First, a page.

Bills fans raise $40K for visual impairment charity in honor of referees in Buccaneers game

·4-min read

Buffalo Bills fans are back at it again.

The fanbase is known most for getting rowdy at tailgates, but the "Bills Mafia" group also an incredibly generous one. This week it channeled its irritation at the lack of a late pass interference call into $40,000 raised for a local visual impairment charity.

How did this start?

Bills fans were up in arms Sunday night when Tampa Bay Buccaneers cornerback Carlton Davis had his arms all over Bills receiver Stefon Diggs on an important third-and-2 play late in regulation. The Bills trailed 27-24 at the time and the contact occurred on the goal line.

No flag was called, the Bills could only tie the game up and the Buccaneers went on to win in overtime. Now sitting at 7-6, their playoff chances took a hit and are currently at 65%, per the New York Times' The Upshot.

Bills fans were angry in the aftermath at the missed call that could have sent them home with a victory against their heated rival Tom Brady and better playoff positioning. But as they've done before, they turned that energy into a positive.

Bills fan donates in honor of refs

The movement began when Hunter Schinabeck, a Massachusetts-based Bills fan, made a $17 donation to Visually Impaired Advancement (VIA), a Buffalo non-profit that works with the visually impaired in the community.

The organization shared on Twitter what he wrote alongside his donation:

"It is saddening to witness someone being unable to see the blatant pass interference on Stefon Diggs (Buffalo Bills, #14). Hopefully, this donation is a small step in the greater fight of fighting blindness and getting those with visual impairment the help they need so something like this never happens again."

Samantha Burfiend, marketing and communications manager for VIA, told the Buffalo News they shared it because they believed it would be a "great educational piece."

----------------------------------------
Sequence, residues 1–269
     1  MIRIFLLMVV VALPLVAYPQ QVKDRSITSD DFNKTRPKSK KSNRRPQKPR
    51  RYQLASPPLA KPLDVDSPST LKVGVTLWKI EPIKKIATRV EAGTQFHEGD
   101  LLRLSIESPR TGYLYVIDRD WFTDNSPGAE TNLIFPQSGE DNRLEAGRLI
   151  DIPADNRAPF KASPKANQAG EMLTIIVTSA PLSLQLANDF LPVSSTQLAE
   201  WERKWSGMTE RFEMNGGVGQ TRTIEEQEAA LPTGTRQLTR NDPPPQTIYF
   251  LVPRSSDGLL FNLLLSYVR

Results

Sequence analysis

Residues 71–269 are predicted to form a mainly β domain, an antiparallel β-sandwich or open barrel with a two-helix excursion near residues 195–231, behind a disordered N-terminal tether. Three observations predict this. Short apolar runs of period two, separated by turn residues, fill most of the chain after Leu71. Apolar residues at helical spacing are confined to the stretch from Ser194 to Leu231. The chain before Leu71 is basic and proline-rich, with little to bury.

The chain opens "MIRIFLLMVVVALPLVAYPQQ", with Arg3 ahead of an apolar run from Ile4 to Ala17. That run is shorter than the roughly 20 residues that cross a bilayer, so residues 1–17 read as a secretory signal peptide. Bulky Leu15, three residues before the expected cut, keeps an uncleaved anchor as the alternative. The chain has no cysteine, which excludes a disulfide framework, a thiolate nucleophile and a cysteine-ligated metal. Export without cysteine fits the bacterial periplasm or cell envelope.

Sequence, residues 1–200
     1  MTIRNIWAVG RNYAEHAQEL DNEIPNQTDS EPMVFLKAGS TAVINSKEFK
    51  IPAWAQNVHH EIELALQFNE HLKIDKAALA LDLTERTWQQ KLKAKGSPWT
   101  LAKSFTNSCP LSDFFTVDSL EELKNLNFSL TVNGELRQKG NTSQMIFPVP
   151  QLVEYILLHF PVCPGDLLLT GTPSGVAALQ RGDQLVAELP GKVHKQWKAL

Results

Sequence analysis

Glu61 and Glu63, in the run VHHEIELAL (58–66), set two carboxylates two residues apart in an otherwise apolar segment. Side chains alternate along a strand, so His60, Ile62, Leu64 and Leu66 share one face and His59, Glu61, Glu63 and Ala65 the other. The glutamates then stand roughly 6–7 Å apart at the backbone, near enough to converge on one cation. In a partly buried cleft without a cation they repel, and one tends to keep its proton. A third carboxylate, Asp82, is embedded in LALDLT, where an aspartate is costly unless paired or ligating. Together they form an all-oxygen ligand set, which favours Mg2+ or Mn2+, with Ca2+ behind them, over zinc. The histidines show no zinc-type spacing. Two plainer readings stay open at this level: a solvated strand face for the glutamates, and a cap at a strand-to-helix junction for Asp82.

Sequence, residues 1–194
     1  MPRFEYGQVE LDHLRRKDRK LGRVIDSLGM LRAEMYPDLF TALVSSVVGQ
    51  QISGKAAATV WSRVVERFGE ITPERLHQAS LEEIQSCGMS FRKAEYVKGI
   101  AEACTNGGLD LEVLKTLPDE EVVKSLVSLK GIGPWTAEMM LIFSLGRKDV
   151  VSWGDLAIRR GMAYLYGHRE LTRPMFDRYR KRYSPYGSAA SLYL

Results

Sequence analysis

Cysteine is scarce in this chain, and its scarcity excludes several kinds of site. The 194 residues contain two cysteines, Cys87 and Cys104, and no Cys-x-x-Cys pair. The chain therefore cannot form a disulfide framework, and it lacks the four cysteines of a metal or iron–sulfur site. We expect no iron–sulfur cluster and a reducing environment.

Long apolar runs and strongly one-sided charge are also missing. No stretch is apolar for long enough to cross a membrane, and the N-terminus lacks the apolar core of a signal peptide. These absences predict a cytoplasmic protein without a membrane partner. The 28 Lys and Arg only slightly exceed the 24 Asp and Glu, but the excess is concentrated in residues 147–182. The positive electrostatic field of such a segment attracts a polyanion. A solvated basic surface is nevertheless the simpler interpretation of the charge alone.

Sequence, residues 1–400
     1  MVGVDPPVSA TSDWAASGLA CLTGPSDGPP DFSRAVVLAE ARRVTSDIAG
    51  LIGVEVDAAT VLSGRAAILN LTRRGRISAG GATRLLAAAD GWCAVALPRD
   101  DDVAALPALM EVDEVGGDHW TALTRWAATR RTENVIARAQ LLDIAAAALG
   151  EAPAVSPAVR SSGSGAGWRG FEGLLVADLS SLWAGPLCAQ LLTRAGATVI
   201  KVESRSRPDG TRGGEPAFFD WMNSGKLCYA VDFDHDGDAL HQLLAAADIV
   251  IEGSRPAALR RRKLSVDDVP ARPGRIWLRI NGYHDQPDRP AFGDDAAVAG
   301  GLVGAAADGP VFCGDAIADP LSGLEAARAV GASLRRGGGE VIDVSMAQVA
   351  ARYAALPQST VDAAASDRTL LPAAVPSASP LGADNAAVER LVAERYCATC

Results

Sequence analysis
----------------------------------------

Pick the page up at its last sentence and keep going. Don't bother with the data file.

"Now it has absolutely snowballed into something much greater than I could imagine," Schinabeck wrote on Instagram.

Visually impaired charity donations take off

Bills fans were mad at referees during the Bills-Buccaneers game on Sunday and channeled it into charity. (Photo by Cliff Welch/Icon Sportswire via Getty Images)
Bills fans were mad at referees during the Bills-Buccaneers game on Sunday and channeled it into charity. (Photo by Cliff Welch/Icon Sportswire via Getty Images)

Donations started coming in in $17 increments, a nod to quarterback Josh Allen's jersey number. As of Thursday, more than $40,000 in donations have come into the charity. An anonymous donor matched the first 500 $17 donations for a total donation of $8,500, per the Buffalo News.

A total of 1,200 people donated as of Wednesday, per the News. The increments included $14 for Diggs and $31 for the sum of the quarterback and receiver's numbers.

The attention from the donations also provides a new level of awareness for the organization.

“This is getting us back into the community,” Burfiend said, via the Buffalo News. “Maybe there is someone who’s visually impaired … and they can find us, and they can give us a call, and we can help them and support them, and using donations toward that support.”

Burfiend told the News the money will go toward education, vision rehabilitation, job training, job placement and support for all ages and all types of vision loss.

Bills fans raising money for charities

It's becoming a welcome trend for Bills fans to donate to charities after major moments.

Baltimore Ravens quarterback Lamar Jackson left last season's playoff loss to the Buffalo Bills with a concussion. Afterward, a fan organized a fundraiser on Reddit and fans raised more than $360,000 for Jackson's charity. Many were made in increments of $8 or $17 for Jackson and Allen's jersey numbers.

In August 2020, it was for Dolphins quarterback and former Bills leader Ryan Fitzpatrick following the death of his mother. They raised more than $1 million for Oishei Children's Hospital in honor of Allen's grandmother, Patricia Allen, who died last December.

One of the first charitable good deeds by the fanbase as a whole might have come in January 2018 when the team broke its streak of playoff-less seasons. The Cincinnati Bengals, led by a final-minute touchdown pass by Andy Dalton, defeated the Ravens to eliminate them and allow the Bills to clinch.

As a thank you, fans made donations of $17 denoting the playoff drought to The Andy and Jordan Dalton Foundation. It added up to more than $415,000.

Our goal is to create a safe and engaging place for users to connect over interests and passions. In order to improve our community experience, we are temporarily suspending article commenting